Stone Age tools uncovered in Yemen point to humans leaving Africa and inhabiting Arabia perhaps as far back as 63,000 years ago, according to Anne Delagnes of Université Bordeaux. The archaeologists have been studying the site of Shi'bat Dihya located in a wadi, or gully, that connects Yemen's highlands to the coastal plains of the Red Sea.
The age of the site puts it at a time when early modern
humans were thought to be first emigrating from Eastern Africa to the rest of
the world. "The Arabian Peninsula is routinely considered as the corridor where
migrating East African populations would have passed during a single or multiple
dispersal events," says the study. "It has also been suggested that the groups
who colonized South Asia rapidly expanded from South and East Africa along the
Arabian coastlines around 60 ka BP (60,000 years ago), bringing with them a
modern behavioural package including microlithic (stone) backed tools,
ostrich-eggshell beads or engraved fragments. However, this scenario is not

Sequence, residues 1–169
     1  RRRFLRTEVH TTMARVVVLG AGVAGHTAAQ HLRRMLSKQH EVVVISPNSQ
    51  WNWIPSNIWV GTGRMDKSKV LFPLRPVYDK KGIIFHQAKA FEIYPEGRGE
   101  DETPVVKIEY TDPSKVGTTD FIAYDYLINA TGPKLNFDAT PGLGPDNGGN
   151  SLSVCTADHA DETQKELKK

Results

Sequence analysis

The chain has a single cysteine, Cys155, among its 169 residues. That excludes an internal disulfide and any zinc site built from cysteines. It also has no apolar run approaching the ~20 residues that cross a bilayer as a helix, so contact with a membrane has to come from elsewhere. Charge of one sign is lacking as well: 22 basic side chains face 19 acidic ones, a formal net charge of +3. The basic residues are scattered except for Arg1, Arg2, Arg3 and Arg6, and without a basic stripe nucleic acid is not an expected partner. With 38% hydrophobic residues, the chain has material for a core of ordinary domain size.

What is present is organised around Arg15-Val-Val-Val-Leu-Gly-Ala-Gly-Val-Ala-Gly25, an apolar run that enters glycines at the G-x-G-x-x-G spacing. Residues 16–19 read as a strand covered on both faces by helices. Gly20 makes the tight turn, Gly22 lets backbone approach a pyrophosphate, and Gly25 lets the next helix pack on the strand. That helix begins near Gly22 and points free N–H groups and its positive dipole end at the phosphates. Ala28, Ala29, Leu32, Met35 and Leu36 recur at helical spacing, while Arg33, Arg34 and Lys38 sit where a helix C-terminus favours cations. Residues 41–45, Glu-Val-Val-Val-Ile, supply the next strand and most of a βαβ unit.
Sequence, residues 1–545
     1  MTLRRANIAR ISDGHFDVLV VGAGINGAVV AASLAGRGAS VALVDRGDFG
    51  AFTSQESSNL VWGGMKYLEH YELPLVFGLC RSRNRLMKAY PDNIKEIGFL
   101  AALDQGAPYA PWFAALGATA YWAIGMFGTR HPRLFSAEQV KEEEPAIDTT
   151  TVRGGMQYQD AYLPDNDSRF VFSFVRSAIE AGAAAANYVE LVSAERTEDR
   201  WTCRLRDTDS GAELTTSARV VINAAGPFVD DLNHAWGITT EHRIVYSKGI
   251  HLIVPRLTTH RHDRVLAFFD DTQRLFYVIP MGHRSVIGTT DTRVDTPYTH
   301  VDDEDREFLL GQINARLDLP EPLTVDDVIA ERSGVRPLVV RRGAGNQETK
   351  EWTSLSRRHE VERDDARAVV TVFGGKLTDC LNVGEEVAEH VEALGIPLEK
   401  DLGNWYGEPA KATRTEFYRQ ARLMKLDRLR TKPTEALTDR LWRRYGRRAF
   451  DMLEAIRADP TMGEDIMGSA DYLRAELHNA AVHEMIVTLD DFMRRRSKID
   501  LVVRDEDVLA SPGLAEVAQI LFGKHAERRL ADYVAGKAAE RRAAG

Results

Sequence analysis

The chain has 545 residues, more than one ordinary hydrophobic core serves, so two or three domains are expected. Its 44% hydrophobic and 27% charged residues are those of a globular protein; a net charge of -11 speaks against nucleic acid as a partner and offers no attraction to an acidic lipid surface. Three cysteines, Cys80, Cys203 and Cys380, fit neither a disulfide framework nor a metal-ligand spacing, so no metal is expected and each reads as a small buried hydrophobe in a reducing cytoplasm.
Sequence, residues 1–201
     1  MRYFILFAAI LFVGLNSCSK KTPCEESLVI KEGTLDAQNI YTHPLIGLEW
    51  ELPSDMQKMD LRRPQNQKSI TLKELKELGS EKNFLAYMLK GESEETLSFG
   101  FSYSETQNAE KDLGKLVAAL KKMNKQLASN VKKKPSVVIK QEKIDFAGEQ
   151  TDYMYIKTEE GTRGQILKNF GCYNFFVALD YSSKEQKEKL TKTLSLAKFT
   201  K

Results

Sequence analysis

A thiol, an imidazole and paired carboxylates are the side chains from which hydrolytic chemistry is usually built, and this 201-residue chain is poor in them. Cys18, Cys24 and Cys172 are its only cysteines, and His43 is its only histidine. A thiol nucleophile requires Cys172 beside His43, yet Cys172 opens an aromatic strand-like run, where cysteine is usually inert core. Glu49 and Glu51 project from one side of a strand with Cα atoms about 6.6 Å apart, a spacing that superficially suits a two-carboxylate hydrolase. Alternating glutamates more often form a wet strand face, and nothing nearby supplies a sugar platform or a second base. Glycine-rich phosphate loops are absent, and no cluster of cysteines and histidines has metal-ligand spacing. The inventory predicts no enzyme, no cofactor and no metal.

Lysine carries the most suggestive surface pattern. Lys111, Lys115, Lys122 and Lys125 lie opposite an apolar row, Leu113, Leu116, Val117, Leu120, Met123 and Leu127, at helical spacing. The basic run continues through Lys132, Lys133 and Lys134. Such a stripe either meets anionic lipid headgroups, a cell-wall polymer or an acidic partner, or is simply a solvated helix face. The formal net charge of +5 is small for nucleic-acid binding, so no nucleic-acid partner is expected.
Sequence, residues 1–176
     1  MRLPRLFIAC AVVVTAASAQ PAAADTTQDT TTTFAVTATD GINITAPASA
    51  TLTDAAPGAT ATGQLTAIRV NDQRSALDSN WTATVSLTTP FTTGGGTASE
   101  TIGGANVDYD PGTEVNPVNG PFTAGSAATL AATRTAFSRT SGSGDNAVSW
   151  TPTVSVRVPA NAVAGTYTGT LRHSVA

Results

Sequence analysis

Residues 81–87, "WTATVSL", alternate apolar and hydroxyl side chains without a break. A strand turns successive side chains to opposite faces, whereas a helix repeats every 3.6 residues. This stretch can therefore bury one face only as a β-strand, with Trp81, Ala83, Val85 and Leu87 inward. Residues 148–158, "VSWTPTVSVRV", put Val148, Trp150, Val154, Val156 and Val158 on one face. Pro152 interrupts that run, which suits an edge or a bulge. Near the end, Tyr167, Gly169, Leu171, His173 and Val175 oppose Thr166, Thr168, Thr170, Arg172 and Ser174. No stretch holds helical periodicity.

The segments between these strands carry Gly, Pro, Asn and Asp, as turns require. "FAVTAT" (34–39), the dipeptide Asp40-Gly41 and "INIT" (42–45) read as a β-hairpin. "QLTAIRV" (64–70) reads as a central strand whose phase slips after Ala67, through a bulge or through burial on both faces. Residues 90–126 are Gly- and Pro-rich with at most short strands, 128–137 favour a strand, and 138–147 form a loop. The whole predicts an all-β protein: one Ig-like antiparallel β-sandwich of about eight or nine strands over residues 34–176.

supported by any hard archaeological evidence from the Arabian Peninsula. Up
until recently, the absence of stratified contexts (archaeological sites) from
the entirety of the region has rendered issues concerning the timing and
trajectories of the earliest expansions of modern humans into the region largely
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Tuesday, 10 July 2012
Innovative research by the National Physical Laboratory (NPL) and the University of Bradford used laser microscopes to explore how stone tools were used in prehistory, and the process has helped streamline surface measurement techniques for modern manufacturers.Archaeologists at the University of Bradford hypothesised that reconstructing past activities was the best way to study what each tool was used for. They proposed to measure the surface structures of replica stone tools before and after they were used in different reconstructions on two natural materials - antler and wood.
NPL conducted surface measurement investigations on the replica tools using a confocal microscope to create a map of surface structure. Richard Leach, who led the work at NPL, said: "We measured the surfaces of each tool using a confocal microscope to create a map of its surface structure. Optical measurements create 3D constructions of each surface recorded without physically contacting the surface."
Read the full story here: http://phys.org/news/2012-07-stone-age-tools-modern.html
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